These days only approximately 7% of adults in Iceland smoke cigarettes, reports Fréttablaðið. This is the second lowest rate in Europe, with only Swedes smoking less than Icelanders.
The article states that smoking in Iceland has undergone a great deal of change in recent decades. In 1968, every second adult in Iceland smoked, and only 30 years ago, one in three deaths could be traced to smoking.
According to Karl Andersen, a chief physician of cardiology at Landspítalinn, Icelanders should be proud of the results they have achieved in prevention of smoking. He says it has resulted in improved public health.
Smoking is one of the biggest risk factors when it comes to cardiovascular disease and lung cancer. Heart attacks have dropped by 80% in the last 30 years. About a quarter of this reduction is said to be linked to reduced smoking.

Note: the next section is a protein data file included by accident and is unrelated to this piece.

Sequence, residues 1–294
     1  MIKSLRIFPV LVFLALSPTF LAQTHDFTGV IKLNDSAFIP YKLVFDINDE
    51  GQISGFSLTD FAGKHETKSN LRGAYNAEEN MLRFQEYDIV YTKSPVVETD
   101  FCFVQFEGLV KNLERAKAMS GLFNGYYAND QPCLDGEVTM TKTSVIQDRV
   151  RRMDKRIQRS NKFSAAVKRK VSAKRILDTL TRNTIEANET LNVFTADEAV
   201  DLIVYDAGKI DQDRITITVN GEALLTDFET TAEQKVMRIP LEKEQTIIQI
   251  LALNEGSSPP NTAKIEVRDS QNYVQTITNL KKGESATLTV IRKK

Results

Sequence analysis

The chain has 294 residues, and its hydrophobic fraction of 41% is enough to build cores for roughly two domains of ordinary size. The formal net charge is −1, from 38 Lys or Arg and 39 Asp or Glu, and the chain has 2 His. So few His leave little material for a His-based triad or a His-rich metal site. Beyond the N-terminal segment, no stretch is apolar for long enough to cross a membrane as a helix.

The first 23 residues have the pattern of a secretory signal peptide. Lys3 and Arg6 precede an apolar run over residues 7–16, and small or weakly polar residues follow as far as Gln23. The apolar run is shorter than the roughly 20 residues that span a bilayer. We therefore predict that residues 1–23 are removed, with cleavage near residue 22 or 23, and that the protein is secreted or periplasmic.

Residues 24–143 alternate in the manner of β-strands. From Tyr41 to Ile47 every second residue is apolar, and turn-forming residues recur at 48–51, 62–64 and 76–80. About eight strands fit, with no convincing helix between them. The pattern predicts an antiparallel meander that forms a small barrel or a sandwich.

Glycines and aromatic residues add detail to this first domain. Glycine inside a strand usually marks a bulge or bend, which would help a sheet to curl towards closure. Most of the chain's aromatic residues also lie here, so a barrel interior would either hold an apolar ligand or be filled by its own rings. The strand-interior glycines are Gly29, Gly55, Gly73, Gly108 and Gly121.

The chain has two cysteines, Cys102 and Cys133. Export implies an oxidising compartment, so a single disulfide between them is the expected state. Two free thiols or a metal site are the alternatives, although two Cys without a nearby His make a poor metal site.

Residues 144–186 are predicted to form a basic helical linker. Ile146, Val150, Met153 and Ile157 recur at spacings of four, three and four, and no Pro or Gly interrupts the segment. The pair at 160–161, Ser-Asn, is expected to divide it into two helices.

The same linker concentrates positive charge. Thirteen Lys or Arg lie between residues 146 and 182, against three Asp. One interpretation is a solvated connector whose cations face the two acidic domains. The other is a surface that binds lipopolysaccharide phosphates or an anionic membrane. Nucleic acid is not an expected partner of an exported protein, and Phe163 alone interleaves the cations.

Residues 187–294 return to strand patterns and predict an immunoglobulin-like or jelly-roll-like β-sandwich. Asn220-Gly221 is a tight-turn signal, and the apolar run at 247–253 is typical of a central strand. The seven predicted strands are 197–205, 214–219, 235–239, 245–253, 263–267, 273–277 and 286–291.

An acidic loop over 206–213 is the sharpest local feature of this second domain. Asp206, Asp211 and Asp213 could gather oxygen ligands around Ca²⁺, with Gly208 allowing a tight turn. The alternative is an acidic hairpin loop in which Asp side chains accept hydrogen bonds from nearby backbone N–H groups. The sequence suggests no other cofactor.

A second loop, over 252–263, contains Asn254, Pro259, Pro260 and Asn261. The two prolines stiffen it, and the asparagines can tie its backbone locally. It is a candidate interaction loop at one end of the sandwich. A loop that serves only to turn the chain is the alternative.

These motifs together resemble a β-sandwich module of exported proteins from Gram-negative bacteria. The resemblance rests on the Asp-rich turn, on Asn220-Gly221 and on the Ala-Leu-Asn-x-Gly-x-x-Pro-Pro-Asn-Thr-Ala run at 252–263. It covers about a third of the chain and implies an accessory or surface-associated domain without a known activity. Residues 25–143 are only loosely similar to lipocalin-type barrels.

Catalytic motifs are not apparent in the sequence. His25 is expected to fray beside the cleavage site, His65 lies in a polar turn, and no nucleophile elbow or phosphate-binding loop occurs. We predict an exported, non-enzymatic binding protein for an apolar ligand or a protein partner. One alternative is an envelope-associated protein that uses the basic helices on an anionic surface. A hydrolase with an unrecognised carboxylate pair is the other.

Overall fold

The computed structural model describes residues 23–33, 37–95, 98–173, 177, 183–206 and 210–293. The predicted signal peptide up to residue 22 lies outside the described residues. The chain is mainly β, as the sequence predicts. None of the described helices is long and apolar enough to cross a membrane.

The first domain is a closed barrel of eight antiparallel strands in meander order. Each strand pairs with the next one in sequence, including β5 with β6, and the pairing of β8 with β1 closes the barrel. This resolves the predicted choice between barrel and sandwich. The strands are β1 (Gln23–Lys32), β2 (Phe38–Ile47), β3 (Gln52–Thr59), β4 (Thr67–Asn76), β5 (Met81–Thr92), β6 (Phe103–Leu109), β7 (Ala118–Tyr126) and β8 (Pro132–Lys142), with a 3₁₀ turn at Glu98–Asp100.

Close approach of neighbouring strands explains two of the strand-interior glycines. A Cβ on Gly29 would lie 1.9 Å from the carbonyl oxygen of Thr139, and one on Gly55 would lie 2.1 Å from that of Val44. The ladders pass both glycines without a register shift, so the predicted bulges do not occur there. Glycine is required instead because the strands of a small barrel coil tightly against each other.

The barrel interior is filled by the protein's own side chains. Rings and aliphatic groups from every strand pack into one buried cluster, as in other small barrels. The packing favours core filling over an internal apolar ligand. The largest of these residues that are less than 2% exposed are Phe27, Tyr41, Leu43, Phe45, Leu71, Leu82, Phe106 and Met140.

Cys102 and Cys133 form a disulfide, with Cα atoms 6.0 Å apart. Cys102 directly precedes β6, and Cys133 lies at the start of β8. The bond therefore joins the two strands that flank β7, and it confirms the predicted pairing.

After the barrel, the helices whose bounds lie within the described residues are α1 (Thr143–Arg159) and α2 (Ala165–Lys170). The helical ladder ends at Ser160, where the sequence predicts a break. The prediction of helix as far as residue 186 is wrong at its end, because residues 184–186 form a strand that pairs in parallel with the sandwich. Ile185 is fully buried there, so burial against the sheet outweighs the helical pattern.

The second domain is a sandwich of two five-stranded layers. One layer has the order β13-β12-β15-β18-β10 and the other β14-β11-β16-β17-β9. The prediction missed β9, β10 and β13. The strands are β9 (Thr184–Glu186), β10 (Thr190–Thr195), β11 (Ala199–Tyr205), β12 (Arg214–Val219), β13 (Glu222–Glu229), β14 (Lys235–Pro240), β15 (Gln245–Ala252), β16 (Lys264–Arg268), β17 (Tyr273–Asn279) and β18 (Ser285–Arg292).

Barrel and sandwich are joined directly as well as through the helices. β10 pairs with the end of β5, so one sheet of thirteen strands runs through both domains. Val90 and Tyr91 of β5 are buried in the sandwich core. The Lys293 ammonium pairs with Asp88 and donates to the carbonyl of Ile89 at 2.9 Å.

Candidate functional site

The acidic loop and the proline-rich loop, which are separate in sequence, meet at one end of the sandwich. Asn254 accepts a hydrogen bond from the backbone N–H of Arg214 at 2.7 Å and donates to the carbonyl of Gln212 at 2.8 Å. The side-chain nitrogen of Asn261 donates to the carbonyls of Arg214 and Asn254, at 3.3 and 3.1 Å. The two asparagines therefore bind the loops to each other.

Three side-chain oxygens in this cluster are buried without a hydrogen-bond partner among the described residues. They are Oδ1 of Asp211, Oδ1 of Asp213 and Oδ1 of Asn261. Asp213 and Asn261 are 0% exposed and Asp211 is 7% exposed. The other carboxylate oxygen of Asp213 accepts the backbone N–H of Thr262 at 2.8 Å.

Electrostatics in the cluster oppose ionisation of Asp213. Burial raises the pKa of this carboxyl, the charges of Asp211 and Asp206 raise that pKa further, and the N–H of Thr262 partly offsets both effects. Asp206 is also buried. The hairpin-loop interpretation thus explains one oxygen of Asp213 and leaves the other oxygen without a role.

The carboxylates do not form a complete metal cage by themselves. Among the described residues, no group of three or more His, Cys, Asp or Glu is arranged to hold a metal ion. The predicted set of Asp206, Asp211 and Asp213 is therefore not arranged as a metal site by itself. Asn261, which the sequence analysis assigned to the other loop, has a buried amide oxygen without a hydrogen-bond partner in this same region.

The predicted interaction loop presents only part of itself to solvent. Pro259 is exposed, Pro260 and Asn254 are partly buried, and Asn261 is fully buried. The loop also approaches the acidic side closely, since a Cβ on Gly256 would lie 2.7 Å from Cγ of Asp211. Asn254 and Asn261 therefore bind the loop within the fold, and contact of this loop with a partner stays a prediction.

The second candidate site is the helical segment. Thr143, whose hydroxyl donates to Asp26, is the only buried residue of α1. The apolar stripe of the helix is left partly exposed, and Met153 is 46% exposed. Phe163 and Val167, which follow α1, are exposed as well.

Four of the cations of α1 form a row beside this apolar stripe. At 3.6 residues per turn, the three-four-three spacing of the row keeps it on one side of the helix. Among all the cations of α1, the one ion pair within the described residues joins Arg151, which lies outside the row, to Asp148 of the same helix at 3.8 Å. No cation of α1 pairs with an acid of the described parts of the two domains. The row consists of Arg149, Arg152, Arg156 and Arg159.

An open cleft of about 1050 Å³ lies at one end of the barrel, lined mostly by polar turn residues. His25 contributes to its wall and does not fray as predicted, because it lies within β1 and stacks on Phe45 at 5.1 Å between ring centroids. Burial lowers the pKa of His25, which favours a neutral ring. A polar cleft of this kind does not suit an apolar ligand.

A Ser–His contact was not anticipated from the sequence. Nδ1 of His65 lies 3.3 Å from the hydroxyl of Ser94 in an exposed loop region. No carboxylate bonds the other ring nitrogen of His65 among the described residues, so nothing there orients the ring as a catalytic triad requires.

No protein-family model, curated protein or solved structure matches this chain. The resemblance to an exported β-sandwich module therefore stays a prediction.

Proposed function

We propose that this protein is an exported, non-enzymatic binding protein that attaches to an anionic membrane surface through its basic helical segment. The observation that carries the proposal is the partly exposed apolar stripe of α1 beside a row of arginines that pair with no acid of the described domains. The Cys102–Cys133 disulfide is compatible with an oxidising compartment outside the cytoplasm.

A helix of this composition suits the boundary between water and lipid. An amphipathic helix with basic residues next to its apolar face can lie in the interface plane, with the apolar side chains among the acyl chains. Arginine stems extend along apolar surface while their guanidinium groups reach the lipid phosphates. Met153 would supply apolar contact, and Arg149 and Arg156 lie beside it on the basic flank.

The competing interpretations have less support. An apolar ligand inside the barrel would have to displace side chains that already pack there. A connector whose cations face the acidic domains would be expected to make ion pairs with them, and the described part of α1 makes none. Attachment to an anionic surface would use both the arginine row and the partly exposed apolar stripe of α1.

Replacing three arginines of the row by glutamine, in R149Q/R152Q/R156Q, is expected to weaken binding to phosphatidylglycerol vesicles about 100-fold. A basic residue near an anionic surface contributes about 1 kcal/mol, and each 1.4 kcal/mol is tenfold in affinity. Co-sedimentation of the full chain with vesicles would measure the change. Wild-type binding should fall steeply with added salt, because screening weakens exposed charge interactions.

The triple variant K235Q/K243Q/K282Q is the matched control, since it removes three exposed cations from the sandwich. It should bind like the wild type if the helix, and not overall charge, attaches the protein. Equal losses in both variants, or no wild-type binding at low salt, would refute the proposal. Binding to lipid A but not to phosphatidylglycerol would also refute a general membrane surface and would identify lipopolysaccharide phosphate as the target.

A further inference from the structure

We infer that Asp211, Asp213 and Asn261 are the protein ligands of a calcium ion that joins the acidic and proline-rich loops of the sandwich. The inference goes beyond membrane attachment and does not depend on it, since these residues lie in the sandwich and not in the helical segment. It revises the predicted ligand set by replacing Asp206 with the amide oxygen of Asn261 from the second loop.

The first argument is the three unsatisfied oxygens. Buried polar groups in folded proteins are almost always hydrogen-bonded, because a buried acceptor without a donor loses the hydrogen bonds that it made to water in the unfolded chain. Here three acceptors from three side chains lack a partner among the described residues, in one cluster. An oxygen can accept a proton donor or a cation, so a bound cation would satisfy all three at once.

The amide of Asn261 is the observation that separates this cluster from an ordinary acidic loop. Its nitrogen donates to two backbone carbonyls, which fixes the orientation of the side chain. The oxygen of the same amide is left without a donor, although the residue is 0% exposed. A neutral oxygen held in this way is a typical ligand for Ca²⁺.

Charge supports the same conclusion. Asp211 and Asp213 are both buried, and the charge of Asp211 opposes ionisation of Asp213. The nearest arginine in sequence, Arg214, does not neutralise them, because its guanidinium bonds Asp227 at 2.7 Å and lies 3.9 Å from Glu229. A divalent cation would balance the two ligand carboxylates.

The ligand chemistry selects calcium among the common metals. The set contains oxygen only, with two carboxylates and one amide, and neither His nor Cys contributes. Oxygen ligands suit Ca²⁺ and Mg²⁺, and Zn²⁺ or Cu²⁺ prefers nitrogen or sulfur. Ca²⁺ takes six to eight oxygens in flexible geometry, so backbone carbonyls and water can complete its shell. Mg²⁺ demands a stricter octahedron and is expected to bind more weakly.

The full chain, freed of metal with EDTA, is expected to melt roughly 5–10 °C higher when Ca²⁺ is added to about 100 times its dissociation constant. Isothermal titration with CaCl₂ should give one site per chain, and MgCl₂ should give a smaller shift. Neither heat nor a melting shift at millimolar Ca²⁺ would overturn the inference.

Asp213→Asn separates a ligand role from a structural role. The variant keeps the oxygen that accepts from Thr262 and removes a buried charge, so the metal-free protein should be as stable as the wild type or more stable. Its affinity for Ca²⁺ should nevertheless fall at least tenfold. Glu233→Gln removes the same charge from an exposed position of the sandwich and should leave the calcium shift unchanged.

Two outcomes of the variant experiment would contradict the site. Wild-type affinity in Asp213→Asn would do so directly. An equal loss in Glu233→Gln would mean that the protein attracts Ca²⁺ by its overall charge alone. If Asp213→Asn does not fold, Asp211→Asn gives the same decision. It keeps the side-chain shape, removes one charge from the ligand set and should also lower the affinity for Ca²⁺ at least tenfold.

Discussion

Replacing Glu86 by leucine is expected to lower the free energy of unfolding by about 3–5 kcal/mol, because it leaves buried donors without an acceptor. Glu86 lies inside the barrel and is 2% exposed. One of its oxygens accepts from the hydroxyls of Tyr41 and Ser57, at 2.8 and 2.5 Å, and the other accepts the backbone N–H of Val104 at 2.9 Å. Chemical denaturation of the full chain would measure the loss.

Iceland has been at the forefront of various control measures considering smoking. Iceland was the first country to ban smoking in international flights and it was among the first countries banning the advertisement of tobacco products.
The average age of smokers has risen to around fifty years. Although many people have stopped smoking, the reason why the rate has dropped this fast is that young people do not smoke. In upper secondary schools, only approximately 1 to 2 percent of the students smoke.
The project manager of tobacco control at the Directorate of Health, Hafsteinn Viðar Jensson, is glad about the change. “We are soon reaching a smoke-free generation,” he says.
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